One hesitates to talk about a boom, since such a statement is the classic hostage to fortune, but it is fair to say that the housing market in Inverness and its surrounding towns is as buoyant as it has been for many a long year.
Close to this time last year it was increasingly clear that a tipping point was approaching, after which sellers would be in their strongest position since any time since 2008.
While it would stretch a point to say that we are now in a raging seller’s market, many of the signs are pointing in that direction.
For instance, a number of properties are now, going to a closing dates, a scenario we have not witnessed since the sunlit days before the recession. This is a sure indication of two things: that there is not enough property on the market and that serious demand is out there.
The confidence in the market is palpable. The Highland Solicitors’ Property Centre revealed recently that it has sold 40% more properties in January of this year (2017) than it did in the same period last year.
Another indicator of the accelerating pace of the market is in Home Reports. These have a 12-week shelf life from a Lenders point of view and if a home is not sold within that period, the report has to be re-commissioned and updated.
Until recently, that was a substantial part of our business, indicating the length of time that houses were taking to sell once the decision had been made to place them on the market. That work is evaporating, suggesting that most houses are moving within three months.
Another marker which stacks up on the boom side of the scales is that out-of-town volume builders have now rediscovered their appetite and are moving back into new-build in the Inverness area.
This sector has been sustained over the years by local construction firms such as Tulloch and Robertson who have, as it were, kept the faith. Tulloch has just announced a development at Ness Side of 800 homes, 25% of which are aimed at local buyers.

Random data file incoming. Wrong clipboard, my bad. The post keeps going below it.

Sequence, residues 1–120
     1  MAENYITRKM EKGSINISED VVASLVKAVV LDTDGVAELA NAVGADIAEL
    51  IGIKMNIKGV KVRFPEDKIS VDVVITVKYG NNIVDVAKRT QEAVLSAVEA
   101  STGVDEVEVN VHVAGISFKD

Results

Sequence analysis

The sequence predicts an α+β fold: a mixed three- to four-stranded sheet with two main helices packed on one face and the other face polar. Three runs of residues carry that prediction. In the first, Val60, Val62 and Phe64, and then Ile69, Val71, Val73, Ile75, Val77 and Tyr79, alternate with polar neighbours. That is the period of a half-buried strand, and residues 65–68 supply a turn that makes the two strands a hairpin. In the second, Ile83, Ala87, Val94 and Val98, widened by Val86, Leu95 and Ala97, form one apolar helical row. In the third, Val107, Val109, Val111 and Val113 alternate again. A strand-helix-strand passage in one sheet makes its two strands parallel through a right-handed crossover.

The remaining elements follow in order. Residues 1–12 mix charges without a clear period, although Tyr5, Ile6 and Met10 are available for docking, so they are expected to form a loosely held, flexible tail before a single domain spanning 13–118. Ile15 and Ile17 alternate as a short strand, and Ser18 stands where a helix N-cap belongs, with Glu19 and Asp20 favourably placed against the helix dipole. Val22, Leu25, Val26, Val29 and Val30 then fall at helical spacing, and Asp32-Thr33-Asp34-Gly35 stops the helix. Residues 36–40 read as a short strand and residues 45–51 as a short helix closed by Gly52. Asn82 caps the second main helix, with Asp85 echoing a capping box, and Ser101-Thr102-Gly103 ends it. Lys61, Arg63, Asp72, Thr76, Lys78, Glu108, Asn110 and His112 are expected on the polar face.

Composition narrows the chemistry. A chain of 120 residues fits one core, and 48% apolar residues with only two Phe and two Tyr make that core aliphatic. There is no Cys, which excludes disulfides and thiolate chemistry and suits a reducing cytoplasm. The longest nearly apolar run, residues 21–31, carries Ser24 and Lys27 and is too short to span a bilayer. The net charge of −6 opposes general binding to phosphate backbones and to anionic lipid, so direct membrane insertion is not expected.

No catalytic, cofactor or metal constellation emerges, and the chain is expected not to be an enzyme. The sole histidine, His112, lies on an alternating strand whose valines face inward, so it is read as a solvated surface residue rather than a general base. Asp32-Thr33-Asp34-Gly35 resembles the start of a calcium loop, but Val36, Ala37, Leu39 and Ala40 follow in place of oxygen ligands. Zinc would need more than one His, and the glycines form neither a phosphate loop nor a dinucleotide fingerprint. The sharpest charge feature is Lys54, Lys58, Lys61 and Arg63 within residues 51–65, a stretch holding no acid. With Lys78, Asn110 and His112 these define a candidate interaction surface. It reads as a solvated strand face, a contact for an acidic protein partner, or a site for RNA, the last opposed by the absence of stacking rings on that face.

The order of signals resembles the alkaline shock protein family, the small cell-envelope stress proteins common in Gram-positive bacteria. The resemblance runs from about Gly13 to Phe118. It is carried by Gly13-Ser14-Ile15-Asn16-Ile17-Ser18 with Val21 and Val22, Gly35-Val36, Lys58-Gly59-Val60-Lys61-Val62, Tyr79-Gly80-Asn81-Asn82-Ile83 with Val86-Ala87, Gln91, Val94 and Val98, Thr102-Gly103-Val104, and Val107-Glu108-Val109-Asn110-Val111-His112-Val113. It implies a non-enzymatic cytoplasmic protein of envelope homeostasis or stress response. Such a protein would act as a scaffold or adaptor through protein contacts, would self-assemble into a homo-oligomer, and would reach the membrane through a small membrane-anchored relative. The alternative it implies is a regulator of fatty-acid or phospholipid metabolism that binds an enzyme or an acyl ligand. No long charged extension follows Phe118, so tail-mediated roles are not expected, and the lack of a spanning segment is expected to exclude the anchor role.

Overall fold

UK giant Barratt now has a development of 315 homes at Ness Castle, again on the south side of the city and Kirkwood Homes of Inverurie has a development at Slackbuie and another, smaller, one at Essich.
It is worth noting that, at Essich, all 15 high-end, strongly priced houses sold off-plan, before a sod was ever turned. That, in itself, indicates a real hunger for quality properties.
Much of the activity on the south side has been catalysed by the soon-to-be-completed £55 million Inverness West Link road joining the A82 to the west with the west most end of the Southern Ditributor Road at. Part of the £315 million Inverness City Region deal, the scheme is opening up land along its length.
In the city itself, prices are rising at a satisfying rate after years of little growth. A one-bedroom city centre flat is now commanding up to £100,000, showing a healthy increase over the last 2 year period.
A three-bedroom mass market semi is now likely to sell for in the region of £200,000 to £220,000, significantly up from £175,000 to £180,000 from two year ago. I cannot help but reflect that my first house when I moved to Inverness in 1996 – a three-bedroom detached property – set me back just £71,000.
What makes the healthy situation in Inverness and its hinterland more remarkable is that there has been so much general uncertainty over the past year, what with Brexit, the continuing rumbling about Indyref2, the North Sea’s troubles and the impact of property transaction taxes.
But the fact is that this area tends to fly under the radar as far as wider national issues are concerned. Inverness people have an admirable tendency just to get on with it and deal with whatever is in front of them.
Certainly, the first Scottish independence referendum caused significant local concerns and Brexit, when it happened, gave pause for thought but all the indications are that these concerns have been shrugged off.
Land and Buildings Transaction Tax, the Scottish government’s punitive imposition on higher-value homes, has been a factor, but is has not brought the market in that sector shuddering to a halt as it has in the Central Belt. On like-for-like properties, the numbers are just so vastly different.
So, as the Inverness market ventures into 2017, there are many reasons to be optimistic. Long may it continue.
Graham Forbes is director of the Inverness office of DM Hall Chartered Surveyors.